Lately, I have seen several articles about synesthesia. It interests me because I am a synesthete. Contrary to the synesthetic subjects of the articles, I don’t paint, I don’t compose masterpieces, I am not an artistic genius. My synesthesia is a very personal experience, and it is not perceived to be a superpower, something that results in art, something that can be shared with others.

The thing is, synesthetic people are, like Autistics, neurodivergent. Researchers and neurologists, when talking about a synesthetic brain, refer to the need of accepting neurological diversity.

““Synesthesia shows you how different sensory perception can be for everyone…”

[It is] a lesson in “neural diversity” and that synesthetic art “strives towards a new understanding” of what’s “normal” for the human brain. “Normal is diverse.”” Sean Day

Why, then, is it so difficult to accept Autistic brains?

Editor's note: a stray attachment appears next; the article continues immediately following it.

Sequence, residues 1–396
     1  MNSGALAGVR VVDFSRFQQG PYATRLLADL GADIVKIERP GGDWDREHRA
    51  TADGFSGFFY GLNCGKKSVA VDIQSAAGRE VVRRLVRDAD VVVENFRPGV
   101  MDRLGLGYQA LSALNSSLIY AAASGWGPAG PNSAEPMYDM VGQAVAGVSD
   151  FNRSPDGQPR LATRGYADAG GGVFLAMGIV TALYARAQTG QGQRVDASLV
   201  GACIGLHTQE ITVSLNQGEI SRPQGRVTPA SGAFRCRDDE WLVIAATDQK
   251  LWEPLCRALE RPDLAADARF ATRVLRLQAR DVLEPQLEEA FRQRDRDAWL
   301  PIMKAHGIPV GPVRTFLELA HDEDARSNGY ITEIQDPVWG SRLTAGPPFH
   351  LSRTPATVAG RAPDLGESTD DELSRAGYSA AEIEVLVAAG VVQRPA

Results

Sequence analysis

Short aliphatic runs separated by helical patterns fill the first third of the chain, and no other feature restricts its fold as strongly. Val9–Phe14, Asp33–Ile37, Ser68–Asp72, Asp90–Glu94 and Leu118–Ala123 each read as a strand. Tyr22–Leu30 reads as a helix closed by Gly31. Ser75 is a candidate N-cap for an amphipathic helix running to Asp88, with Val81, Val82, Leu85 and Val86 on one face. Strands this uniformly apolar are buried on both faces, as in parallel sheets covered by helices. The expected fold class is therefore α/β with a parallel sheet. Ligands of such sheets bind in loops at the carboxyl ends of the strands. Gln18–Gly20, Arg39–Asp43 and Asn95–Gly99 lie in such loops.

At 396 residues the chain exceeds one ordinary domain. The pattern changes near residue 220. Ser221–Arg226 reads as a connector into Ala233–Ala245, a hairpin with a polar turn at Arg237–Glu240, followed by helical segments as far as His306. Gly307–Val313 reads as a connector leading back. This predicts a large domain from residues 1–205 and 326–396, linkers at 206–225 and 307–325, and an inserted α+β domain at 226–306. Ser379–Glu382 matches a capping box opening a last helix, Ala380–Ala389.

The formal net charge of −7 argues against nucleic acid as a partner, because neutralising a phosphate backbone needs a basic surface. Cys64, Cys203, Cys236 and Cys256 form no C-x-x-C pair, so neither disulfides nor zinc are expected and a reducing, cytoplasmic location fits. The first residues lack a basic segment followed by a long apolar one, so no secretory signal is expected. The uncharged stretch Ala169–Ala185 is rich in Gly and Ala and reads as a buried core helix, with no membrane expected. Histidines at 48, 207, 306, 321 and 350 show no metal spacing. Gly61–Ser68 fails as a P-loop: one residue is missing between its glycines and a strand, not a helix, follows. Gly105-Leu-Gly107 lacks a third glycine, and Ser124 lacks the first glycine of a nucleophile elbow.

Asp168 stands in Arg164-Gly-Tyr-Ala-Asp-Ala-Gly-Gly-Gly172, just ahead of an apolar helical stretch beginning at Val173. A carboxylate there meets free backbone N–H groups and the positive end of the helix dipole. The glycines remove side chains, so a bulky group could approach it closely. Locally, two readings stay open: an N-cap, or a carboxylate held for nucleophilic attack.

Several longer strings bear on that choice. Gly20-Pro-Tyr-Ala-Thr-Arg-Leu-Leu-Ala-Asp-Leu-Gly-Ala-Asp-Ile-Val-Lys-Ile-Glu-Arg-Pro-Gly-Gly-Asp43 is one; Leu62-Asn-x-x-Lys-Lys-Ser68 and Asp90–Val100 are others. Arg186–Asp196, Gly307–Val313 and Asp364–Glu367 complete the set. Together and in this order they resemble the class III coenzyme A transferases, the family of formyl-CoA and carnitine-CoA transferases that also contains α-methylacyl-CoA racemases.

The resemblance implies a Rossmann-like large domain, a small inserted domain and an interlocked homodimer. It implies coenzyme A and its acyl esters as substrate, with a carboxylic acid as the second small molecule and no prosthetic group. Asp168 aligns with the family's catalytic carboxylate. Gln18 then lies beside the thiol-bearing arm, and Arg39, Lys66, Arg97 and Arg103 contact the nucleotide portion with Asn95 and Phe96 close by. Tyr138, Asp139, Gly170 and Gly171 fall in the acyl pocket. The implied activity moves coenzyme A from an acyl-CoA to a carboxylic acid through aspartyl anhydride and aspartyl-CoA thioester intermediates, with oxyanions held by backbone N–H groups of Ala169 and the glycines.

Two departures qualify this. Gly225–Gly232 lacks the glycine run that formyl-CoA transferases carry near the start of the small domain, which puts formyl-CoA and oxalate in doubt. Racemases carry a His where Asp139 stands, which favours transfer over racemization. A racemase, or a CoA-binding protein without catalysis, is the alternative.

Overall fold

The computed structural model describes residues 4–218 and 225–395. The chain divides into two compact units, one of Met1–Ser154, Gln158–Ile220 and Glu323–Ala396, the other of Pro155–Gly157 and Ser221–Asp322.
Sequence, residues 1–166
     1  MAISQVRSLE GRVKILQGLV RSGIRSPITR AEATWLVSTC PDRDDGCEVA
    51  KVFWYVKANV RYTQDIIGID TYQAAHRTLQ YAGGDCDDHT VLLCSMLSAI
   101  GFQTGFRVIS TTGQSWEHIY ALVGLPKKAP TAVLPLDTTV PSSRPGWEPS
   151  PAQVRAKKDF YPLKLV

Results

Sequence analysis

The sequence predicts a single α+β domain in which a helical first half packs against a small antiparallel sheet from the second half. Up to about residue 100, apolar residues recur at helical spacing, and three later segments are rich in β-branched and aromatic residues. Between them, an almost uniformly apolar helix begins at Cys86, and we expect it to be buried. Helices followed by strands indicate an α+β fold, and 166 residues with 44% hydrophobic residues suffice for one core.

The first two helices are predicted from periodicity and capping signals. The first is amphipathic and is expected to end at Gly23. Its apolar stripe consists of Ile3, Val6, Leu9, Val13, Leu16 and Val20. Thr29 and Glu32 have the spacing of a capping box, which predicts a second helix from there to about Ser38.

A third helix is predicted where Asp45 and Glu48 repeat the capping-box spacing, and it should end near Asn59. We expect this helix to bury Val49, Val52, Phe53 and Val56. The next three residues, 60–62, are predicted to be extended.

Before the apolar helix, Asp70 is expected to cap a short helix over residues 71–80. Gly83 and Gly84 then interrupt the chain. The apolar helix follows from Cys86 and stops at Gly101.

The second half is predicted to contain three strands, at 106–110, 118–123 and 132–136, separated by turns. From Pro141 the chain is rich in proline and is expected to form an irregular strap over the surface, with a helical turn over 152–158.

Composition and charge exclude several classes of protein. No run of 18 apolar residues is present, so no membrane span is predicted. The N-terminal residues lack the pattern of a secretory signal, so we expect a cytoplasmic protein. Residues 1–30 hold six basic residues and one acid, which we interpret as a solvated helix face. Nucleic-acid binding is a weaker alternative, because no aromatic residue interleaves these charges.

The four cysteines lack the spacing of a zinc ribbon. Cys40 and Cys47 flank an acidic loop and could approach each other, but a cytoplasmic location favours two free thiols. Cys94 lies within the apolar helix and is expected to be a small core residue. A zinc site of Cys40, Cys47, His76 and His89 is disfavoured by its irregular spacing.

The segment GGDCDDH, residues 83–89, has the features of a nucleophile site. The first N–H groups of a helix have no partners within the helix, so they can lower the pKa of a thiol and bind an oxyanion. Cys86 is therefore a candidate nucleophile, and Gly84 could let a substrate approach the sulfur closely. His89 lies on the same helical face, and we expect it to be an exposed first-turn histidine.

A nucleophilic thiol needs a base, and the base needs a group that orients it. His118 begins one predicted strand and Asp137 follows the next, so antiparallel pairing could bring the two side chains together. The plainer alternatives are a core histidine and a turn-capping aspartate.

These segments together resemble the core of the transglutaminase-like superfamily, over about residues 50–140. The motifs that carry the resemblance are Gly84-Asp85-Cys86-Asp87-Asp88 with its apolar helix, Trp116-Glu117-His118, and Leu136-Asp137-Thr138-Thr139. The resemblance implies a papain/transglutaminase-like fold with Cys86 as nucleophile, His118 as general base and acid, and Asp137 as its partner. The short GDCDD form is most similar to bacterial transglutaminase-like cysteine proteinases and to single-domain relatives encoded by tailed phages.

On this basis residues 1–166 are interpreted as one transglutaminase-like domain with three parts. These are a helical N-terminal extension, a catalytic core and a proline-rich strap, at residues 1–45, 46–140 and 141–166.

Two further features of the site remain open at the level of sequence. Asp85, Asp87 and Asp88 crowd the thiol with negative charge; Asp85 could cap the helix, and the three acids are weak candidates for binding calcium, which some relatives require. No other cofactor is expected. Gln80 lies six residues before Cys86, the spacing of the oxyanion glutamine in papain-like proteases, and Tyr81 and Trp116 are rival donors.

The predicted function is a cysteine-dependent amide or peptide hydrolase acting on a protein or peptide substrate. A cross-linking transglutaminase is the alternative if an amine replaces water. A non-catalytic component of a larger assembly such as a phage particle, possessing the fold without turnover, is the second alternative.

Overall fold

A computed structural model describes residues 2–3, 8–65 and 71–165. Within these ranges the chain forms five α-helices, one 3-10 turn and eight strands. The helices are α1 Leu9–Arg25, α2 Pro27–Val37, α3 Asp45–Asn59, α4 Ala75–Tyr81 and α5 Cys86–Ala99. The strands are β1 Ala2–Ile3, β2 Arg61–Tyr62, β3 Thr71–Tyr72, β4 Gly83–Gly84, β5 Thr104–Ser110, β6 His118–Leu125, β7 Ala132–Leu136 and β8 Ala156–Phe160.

Universal Design, inclusion in education, employment and environment would not only be beneficial to all students, it would make navigate a sometimes hostile-to-our-senses environment easier, better, possible.

Universal Design and Autism Acceptance are related when one modifies the environment and the practices in order to benefit everyone, instead of trying to change the Autistic brain.

Acceptance and Universal Design don’t require people to have superpowers in order to succeed. Our value is intrinsic.

Universal Design and Disability Acceptance

Another example of Universal Design and disability acceptance:

Because it is a Summer Olympics year, we also have the Paralympics. There is a very cool video celebrating disabled athletes (There is a version with audio description and a version signed and with subtitles)

Universal Design did not make it possible for a few disabled athletes to compete but Universal Design would make it possible for more disabled people to participate and maybe even become a “superhuman”.

Why not make accessibility universal and mainstream?

Why not value all disabled lives so we can do things and go places without all the hurdles?

Do we need to be “superhumans” to be celebrated as valuable human beings?

We know this:

Captioned videos, films and TV help with literacy, including literacy of non-disabled people.